Pneumatic components, systems & spares

Click Here


Centralised lubrication systems & spares

Click Here


Hydraulic system, spares and components

Click Here


Industrial Electricals spares, components and system

Click Here

Servo Valves Used in Hydraulic Looper Controls of Hot Rolling Mills


Electro-hydraulic servo valves are an essential control component in the tension control system or looper control of hot rolling mills. They are used to improve the time response characteristics of the hydraulic looper system so constant tension can be maintained during the rolling process. Constant tension of rolling mills is directly related to the mill’s productivity as well as the quality of the rolled strip. Too much tension can cause the strip to break, while too little tension can cause undesirable folds in the roll.

Hydraulic Looper Controls

Hot rolling mills have used two kinds of looper controls: electrical and hydraulic. Electrical looper controls were standard on older mills and performed an adequate job of maintaining rolling strip tension but had a higher amount of maintenance associated with the D.C. motors and drives. Currently, rolling mills are designed with hydraulic looper controls because they provide a faster response to changing mill conditions. They also are easier to maintain than electrical looper controls. Hydraulic looper control systems consist of a system controller, servo valve, hydraulic cylinder, sensors (transducers/load cells) and piping. They are mounted between two mill stands of a tandem rolling mill, which is a type of rolling mill where rolling is done in one cycle, rather than in several cycles. The hydraulic looper controls the strip tension by changing the angular position of the looper arm to increase or decrease the height of the hydraulic cylinder’s ram to maintain tension. Pressure transducers, attached to the piston rod of the hydraulic actuator senses and calculates the changing forces on the actuator and sends a signal proportional to these forces to the looper controller.

Hydraulic Servo Valves

In hot rolling mils, hydraulic servo valves are used to accurately position the hydraulic actuator for tension control. Servo valves receive an input from a closed loop controller, a transducer (feedback signal) to position the servo to drive the cylinder to a specific height to maintain constant tension on the strip. While the primary advantage of servo valves is that a small electrical signal from the controller can accurately position the hydraulic actuator, servo valves are complex and expensive control components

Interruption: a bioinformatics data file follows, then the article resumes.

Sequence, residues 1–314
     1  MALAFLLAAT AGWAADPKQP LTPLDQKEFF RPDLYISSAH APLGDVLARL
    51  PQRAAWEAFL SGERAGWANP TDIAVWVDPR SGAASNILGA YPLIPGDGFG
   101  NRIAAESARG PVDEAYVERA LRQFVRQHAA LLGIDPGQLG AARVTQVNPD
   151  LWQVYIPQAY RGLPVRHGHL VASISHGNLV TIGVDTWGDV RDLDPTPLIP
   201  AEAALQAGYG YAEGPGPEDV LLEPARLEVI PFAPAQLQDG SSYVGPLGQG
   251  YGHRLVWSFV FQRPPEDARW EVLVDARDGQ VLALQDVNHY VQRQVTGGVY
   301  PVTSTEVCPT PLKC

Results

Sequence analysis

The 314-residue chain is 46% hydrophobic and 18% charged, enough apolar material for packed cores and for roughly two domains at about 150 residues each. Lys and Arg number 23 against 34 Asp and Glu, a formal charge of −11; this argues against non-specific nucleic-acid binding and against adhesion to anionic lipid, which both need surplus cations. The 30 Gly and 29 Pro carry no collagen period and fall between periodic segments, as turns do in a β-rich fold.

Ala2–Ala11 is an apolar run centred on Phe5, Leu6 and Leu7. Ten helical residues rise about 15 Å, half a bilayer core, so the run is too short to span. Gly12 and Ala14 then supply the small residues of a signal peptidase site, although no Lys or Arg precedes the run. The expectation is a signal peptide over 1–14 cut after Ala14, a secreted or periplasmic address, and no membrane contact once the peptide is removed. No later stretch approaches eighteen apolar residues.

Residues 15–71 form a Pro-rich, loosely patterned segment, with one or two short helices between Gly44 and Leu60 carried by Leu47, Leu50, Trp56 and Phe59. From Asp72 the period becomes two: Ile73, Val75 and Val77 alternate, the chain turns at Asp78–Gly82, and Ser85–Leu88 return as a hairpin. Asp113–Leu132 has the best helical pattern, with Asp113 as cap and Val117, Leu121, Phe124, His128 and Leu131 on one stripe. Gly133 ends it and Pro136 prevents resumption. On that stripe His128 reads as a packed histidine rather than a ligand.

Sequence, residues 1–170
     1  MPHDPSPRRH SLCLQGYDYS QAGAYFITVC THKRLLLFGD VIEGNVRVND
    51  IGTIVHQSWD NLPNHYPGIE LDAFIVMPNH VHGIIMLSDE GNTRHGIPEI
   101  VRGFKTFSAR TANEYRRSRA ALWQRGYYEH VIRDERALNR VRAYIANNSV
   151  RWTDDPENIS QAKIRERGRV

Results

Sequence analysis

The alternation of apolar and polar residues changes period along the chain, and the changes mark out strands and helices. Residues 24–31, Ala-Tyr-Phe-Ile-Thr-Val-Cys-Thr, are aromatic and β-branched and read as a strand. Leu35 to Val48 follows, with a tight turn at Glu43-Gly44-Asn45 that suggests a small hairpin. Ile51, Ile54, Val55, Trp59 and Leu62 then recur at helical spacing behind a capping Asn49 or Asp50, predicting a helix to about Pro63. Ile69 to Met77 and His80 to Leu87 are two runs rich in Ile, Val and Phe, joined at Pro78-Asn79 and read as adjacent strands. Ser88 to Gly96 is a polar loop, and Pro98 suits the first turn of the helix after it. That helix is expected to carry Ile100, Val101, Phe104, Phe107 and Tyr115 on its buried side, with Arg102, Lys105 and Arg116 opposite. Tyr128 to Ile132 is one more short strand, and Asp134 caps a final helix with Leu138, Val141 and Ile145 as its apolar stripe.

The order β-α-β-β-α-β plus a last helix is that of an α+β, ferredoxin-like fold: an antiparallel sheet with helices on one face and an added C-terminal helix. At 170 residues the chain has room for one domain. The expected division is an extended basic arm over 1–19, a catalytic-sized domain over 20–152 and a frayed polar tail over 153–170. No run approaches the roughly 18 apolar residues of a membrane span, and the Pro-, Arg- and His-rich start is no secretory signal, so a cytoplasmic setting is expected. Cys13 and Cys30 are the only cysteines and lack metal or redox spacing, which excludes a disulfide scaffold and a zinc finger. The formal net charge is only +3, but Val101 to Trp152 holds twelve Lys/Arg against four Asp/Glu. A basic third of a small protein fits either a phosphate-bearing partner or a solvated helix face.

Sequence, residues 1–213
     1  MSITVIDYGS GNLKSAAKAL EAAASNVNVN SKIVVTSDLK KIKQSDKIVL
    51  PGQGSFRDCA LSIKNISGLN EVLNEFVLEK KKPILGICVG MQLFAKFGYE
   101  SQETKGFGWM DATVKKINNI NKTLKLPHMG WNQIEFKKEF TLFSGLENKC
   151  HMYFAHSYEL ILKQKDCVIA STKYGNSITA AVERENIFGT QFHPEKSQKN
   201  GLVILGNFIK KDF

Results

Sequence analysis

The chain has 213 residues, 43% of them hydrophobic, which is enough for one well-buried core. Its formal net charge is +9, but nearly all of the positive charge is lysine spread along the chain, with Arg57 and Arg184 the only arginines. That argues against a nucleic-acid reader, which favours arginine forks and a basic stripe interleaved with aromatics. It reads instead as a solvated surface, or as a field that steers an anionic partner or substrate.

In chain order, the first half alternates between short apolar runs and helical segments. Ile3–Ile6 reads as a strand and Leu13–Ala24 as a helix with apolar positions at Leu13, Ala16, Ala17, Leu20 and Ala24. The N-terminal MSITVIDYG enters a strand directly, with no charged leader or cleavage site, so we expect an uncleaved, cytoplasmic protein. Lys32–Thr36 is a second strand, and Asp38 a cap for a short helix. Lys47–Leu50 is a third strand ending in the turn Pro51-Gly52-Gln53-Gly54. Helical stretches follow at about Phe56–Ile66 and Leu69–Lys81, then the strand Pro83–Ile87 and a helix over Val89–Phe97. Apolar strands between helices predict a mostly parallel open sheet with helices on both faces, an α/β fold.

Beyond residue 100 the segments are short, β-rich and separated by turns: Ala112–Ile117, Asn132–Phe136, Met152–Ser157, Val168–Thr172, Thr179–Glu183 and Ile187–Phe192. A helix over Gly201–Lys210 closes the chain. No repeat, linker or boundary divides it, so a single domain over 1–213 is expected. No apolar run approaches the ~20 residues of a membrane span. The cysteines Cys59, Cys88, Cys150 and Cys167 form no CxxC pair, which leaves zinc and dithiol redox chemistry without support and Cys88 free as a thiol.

Servo valves consist of the following parts: spool (single, double or three-stage), a torque motor and a flapper nozzle or jet pipe. The electromagnetic torque motor receives an electrical signal from the controller and applies a torque on the flapper to change the size of the orifice/nozzle. In turn, this changes the hydraulic force applied to the hydraulic actuator of the looper. Single-stage valves are directly connected to an electric torque motor. Two-stage servo valves are constructed with pilot and main valves. The pilot valve is driven by an electric torque motor, which receives an electrical signal from an actuator position transducer. The motor drives the flapper plate of pilot valve to control the pressure differential of the valve orifices that send fluid flow to the main valve stage. Three-stage servo valves have the best dynamic/time response and are similar to two-stage valves with one modification: the first or pilot stage is really a two-stage valve.

There are two types of orifice/nozzle systems of servo valves: jet pipe or flapper.  The jet pipe type doesn’t get contaminated as easily as the flapper type. This feature is important due to the nature of a servo valve’s failure mode. A clogged or contaminated flapper type will operate in a maximum flow direction while a jet pipe type generally fails in a neutral direction. When specifying a servo valve for a hot rolling mill application, a variety of factors must be considered to the complex nature of the system. These factors include, pressure, temperature, rate flow, rated current, controller characteristics, materials, failure modes, interface requirements, mounting type and hydraulic fittings.